Hailed as the first Latino superhero movie, El Chicano is an action-packed saga where identity politics are part of the character’s lore. Riding on a motorcycle and wearing an Aztec-inspired mask, this Mexican-American vigilante is presented as a shadowy figure that has been embodied by different men throughout the years in East LA.
Starring Raúl Castillo in a double role as brothers Diego and Pedro, El Chicano premiered to a full house at the Los Angeles Film Festival as part of its LA Muse section that highlights city-specific stories. Stunt coordinator-turned-director Ben Hernandez Bray and the vast majority of the cast – with the glaring exception of George Lopez and Kate del Castillo – were in attendance to celebrate the landmark production made possible not by a Hollywood studio but Canadian investors.
“I’ve never been in a cast with this many Latinos,” said Castillo during the post-screening Q&A. The actor, who is having a breakout year with Netflix’s Seven Seconds and Sundance hit We the Animals, plays a police officer discovering his deceased brother’s revolutionary interests and taking over the role of El Chicano to rid the streets of crime with his own hands.
Car chases and choreographed fight scenes aside, Castillo felt most attached to the part’s emotional depth. “It’s a story about how complicated families are, how most families are broken, and the relationship between these two brothers. I have a brother, so I connected with that,” he added.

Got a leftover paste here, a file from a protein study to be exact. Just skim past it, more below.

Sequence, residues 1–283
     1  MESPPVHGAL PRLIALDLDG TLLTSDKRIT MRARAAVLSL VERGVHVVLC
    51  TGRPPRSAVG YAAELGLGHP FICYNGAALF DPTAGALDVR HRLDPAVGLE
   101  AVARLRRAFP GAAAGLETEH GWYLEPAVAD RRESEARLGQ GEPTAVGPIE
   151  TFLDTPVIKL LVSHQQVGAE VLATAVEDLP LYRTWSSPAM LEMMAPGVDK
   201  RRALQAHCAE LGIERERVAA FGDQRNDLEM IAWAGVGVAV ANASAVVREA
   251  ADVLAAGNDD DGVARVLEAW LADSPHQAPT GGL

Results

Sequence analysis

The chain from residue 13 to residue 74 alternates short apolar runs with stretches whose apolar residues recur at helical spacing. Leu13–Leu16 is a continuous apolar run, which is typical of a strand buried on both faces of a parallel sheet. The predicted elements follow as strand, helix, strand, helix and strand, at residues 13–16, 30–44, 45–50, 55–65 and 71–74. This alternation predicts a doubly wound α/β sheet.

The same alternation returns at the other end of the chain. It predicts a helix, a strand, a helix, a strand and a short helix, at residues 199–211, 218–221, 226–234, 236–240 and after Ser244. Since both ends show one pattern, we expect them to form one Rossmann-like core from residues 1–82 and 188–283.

That personal touch is inextricably related to Hernandez Bray’s own memories of growing up in the San Fernando Valley and the people who marked his childhood. “Every Latino knows that, especially living in a barrio, you adapt and you relate,” he explained.
“Everything about this film, including writing this script, was based on my life and what I was exposed to, from my mother Susanna, to my wife Vanessa, and even Diego, who was a homie of mine that grew up across the street.” In El Chicano, veteran actress Marlene Forte is Susanna, while TV star Aimee Garcia plays Vanessa. “The characters are all related to someone or something from when I was a child.”
Originally, the writer-director wanted to create an epic origin story for El Chicano showing him throughout key events in Chicano history, as a hero personified by different Latino men united by the same desire to carry out justice. Hernandez Bray and co-writer and producer Joe Carnahan hoped to open the picture with a montage of El Chicano during the Zoot Suit riots in 1943, at the Chavez Ravine in 1958, the Watts Riots in 1965, the Chicano Moratorium in 1970, and ending in the 1980s where Pedro and Diego are young boys. Ultimately, budget didn’t allow for such an expansive introduction.
In spite of the added challenges of creating an epic of this magnitude with indie-sized resources, Hernandez Bray wouldn’t trade more money for the project’s autonomy. When asked if there were any scenarios in which El Chicano could join the Marvel Universe, the filmmaker promptly responded, “They’re doing their thing; this is our thing.” Carnahan noted there are plans for sequels and more content related to El Chicano, but never as an addition to any existing properties. “It’s meant to be a universe, but I don’t think we’d ever roll that into anybody else’s shit.”
El Chicano opens in theaters nationwide on May 3, 2019.